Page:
What are the results of Pryde’s tests? It is revealing to connect her experimentalism—especially given the artist’s acute awareness of the historicity and ambiguity of the very concept of experimentalism in modernism—to László Moholy-Nagy’s teaching at the New Bauhaus and the School of Design in Chicago (now the Institute of Design). In his programmatic, posthumously published Vision in Motion (1947), Moholy demanded “to deal more with the direct sensory impact of photographic values than with the reproductive, illusionistic function of portrayal.”⁷ He also famously presented a list of “eight varieties of photographic vision” that would be the outcome of such an intrinsic understanding of photography, among them “abstract seeing” (enabled by photograms, e.g.), “exact seeing” (realized in photographic reportage, etc.), and “intensified seeing” (facilitated by means of macro- and microphotography, light filters, and bird’s-, frog’s-, and fish’s-eye views).⁸ In some respects, Pryde might be seen as reenacting this program of systematic visual experimentalism and thereby actively taking up the role envisioned by Moholy of a “research worker,”⁹ while obviously resisting the Bauhaus pedagogue’s prescribed (and utopian) farewell to the “function of portrayal.”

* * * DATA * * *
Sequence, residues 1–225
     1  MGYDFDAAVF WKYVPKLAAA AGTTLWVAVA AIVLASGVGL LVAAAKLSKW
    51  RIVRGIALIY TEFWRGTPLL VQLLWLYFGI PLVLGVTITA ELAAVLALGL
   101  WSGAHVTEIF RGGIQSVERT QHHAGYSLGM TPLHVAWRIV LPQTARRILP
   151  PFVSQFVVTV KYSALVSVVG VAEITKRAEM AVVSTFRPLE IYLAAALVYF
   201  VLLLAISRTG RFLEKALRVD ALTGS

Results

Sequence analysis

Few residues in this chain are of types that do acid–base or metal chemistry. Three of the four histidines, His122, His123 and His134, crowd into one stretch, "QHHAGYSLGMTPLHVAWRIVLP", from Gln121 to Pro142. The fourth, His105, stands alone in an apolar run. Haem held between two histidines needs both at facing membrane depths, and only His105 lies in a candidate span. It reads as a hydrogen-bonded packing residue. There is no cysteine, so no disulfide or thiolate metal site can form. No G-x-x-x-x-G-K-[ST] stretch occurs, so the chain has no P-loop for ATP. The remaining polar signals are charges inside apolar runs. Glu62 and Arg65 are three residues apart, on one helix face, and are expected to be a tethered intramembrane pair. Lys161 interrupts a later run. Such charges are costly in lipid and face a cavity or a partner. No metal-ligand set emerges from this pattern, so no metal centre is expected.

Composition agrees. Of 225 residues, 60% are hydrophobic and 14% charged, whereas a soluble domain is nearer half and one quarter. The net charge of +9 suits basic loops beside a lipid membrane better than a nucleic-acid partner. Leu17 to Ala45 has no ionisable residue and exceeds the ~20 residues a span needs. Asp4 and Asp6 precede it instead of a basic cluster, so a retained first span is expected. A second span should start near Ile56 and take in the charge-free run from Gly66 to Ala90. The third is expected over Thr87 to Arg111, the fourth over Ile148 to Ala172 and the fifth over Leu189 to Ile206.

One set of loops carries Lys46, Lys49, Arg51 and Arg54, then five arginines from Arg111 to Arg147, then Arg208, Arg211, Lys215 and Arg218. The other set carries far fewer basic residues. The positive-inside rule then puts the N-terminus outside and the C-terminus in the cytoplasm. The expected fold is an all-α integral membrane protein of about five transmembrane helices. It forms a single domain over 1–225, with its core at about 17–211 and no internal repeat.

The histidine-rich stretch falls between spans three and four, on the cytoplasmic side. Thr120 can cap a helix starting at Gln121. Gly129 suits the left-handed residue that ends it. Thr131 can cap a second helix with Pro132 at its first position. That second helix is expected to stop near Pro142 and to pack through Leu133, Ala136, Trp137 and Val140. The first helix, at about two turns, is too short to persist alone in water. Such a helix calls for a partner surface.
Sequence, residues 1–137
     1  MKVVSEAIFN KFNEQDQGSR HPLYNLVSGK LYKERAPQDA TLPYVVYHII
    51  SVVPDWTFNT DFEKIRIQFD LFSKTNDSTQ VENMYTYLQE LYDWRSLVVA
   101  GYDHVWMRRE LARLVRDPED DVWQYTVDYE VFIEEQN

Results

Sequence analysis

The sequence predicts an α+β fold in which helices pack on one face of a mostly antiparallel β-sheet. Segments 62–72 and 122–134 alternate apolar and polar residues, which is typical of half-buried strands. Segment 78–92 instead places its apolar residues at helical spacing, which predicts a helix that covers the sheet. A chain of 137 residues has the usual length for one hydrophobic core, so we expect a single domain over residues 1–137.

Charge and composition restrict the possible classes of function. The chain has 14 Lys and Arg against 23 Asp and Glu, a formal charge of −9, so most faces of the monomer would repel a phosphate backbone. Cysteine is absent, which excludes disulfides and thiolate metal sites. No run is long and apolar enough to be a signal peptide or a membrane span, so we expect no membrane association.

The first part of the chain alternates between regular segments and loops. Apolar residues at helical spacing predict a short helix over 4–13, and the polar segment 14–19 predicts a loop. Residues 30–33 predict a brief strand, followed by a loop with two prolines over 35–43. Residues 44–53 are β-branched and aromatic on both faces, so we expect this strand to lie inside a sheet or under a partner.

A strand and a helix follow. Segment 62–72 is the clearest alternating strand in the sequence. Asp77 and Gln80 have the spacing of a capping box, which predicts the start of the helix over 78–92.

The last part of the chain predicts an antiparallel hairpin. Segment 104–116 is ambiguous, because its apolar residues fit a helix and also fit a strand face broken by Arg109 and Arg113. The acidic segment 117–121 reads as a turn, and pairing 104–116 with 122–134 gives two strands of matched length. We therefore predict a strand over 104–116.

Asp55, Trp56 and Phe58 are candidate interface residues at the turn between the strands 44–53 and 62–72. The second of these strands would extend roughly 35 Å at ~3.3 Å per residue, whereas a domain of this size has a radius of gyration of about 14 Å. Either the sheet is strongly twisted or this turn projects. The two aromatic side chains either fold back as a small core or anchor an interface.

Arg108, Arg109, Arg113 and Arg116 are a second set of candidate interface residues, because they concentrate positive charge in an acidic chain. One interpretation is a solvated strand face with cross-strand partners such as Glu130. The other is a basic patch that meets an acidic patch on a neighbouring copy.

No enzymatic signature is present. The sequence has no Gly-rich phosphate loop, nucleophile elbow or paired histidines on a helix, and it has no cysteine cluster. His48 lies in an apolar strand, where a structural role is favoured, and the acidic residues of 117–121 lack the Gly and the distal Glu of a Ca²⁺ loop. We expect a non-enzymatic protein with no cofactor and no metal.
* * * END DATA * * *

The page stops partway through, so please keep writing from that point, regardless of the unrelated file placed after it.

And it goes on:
Josephine Pryde, It’s Not My Body (3), 2011, color photograph, 34 7/8 x 23 1/4". From the series “It’s Not My Body,” 2011.

“Scale,” the guinea-pig series, is experimental in ways that Moholy would not likely have appreciated, because it is nothing less than a string of portrayals. Instead, it seems to experiment with the animals, using the artless genre of pet photography to reflect on the very (im)possibility of portraiture and the constraints associated with being the object of a portraitist’s gaze. After all, the common understanding of guinea pig is as test subject—an expression introduced into English language at the turn of the twentieth century. Consumers’ Research directors Arthur Kallet and F. J. Schlink’s 1933 book 100,000,000 Guinea Pigs: Dangers in Everyday Foods, Drugs, and Cosmetics demonstrated early on the intelligibility of the metaphor, in an attempt to prove that the American population was being used as “guinea pigs” in a mass experiment conducted by food and consumer-goods manufacturers.